- 1045 Majestic Million domains (about 0.1%)
- 56 DGA domains (about 5.8%)
If a 0.1% false positive rate and a 5.8% true positive rate are acceptable, then this is potentially actionable information. I suspect that in some environments, such as corporate networks, that might be acceptable. You might block a few legitimate sites, like highperformancewindowfilmsbrisbane.com.au, but on the whole that might be worth it to block malicious Command & Control (sometimes referred to as C2, CnC, or C&C) domains.
Variance in Command & Control DGA Domains
The 969 DGA domains I analyzed are related to 21 different C2 sources, and not all of them look the same. The first example I used, rjklaflzzdglveziblyvvcyk.com, is a Qakbot domain. Suppobox, on the other hand, combines 2 random words to create domains such as:
Not only do the Suppobox domains have low Scrabble scores, they aren’t even obviously unusual to a human observer. Automatically detecting Suppobox domains would be difficult. On the other hand, eliminating Suppobox and similar algorithms from the sample may make identifying other DGA domains easier.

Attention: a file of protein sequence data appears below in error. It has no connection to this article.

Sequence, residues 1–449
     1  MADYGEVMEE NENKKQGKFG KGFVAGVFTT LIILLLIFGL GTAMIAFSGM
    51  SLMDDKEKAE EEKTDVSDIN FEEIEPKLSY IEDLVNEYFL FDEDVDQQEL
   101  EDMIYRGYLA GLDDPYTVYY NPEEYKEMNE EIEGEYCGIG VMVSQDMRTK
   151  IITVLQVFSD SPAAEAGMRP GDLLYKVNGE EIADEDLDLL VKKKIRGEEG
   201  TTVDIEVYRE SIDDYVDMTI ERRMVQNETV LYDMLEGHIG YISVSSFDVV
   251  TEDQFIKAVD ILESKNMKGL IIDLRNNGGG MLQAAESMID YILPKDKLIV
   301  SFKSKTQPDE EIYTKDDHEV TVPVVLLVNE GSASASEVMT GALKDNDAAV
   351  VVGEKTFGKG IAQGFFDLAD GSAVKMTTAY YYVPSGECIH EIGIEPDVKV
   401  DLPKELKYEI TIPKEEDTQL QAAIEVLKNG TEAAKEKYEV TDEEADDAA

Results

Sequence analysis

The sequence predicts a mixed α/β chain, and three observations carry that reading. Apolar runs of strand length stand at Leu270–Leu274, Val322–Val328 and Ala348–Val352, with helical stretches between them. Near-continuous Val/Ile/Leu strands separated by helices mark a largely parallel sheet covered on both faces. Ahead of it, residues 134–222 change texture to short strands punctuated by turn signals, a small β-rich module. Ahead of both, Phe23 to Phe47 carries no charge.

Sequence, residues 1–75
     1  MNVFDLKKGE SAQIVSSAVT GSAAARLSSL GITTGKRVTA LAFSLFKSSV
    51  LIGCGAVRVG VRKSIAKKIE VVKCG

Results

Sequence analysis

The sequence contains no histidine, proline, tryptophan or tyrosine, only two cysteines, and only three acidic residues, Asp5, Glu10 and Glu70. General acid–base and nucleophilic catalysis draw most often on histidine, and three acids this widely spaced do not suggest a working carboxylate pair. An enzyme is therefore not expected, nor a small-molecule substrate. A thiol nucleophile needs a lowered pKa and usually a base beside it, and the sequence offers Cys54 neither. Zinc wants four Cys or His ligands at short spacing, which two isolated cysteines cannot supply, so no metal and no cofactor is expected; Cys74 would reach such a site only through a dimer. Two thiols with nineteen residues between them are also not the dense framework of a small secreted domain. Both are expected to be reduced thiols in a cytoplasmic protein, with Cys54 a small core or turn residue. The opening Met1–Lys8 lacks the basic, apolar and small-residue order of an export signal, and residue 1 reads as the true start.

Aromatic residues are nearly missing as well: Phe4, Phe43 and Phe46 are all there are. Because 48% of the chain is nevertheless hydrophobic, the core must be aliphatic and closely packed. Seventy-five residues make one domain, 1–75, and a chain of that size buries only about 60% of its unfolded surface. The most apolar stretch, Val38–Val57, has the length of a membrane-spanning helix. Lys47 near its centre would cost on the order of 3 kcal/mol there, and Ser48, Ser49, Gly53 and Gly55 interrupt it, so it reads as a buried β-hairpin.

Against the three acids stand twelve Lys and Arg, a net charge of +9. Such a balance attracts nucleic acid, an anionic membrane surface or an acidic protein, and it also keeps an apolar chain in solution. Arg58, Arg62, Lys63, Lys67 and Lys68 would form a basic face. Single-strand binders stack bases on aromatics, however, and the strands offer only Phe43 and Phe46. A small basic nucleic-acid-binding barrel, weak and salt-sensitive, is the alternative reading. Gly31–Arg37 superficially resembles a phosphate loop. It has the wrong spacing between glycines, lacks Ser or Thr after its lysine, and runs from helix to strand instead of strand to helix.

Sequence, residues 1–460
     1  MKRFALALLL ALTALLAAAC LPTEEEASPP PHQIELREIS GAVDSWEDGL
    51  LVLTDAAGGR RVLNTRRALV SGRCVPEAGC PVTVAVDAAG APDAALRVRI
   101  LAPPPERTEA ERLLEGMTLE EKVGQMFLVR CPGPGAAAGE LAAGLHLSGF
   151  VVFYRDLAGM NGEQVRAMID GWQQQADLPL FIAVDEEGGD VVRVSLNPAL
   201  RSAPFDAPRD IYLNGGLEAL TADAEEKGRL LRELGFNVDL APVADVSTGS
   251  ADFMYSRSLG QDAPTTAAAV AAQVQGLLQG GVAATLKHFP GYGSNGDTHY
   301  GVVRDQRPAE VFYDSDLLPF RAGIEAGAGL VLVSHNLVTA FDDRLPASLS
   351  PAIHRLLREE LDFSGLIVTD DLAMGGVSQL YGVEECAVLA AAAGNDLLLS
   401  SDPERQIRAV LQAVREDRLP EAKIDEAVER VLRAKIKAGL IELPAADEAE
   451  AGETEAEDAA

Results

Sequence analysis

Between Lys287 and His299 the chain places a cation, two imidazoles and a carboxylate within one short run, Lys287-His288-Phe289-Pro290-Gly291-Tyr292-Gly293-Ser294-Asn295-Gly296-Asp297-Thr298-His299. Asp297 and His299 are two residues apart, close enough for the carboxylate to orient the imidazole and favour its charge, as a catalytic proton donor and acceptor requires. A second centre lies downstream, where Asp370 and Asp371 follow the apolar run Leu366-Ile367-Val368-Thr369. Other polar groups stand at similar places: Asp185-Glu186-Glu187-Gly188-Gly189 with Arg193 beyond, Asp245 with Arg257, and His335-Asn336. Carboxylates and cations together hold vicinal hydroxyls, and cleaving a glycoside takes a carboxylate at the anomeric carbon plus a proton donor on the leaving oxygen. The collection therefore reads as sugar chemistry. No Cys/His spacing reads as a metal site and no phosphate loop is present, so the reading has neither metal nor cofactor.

I selected 5 C2 DGAs that appeared to have high-entropy domain names: Bedep, Murofet, Necurs, P2pgoz, and Qakbot. This subset included 244 DGA domains:
- 34 Bedep domains
- 14 Murofet domains
- 176 Necurs domains
- 14 P2pgoz domains
- 6 Qakbot domains
If we keep the Scrabble score threshold at 75, the number of false positives will remain the same: 1045. However, the number of true positives is 51. For the 5 selected DGAs, the true positive rate is now, or 21%. Still far from perfect, but potentially worth trying.
It is likely that any such naive approach will become less and less effective as malware, such as Suppobox, uses DGAs that are more difficult to detect.
While analyzing these data, I had several ideas for less naive approaches and additional analyses, including machine learning techniques (binary logistic regression, principal components analysis), but I will save that exploration for a future post.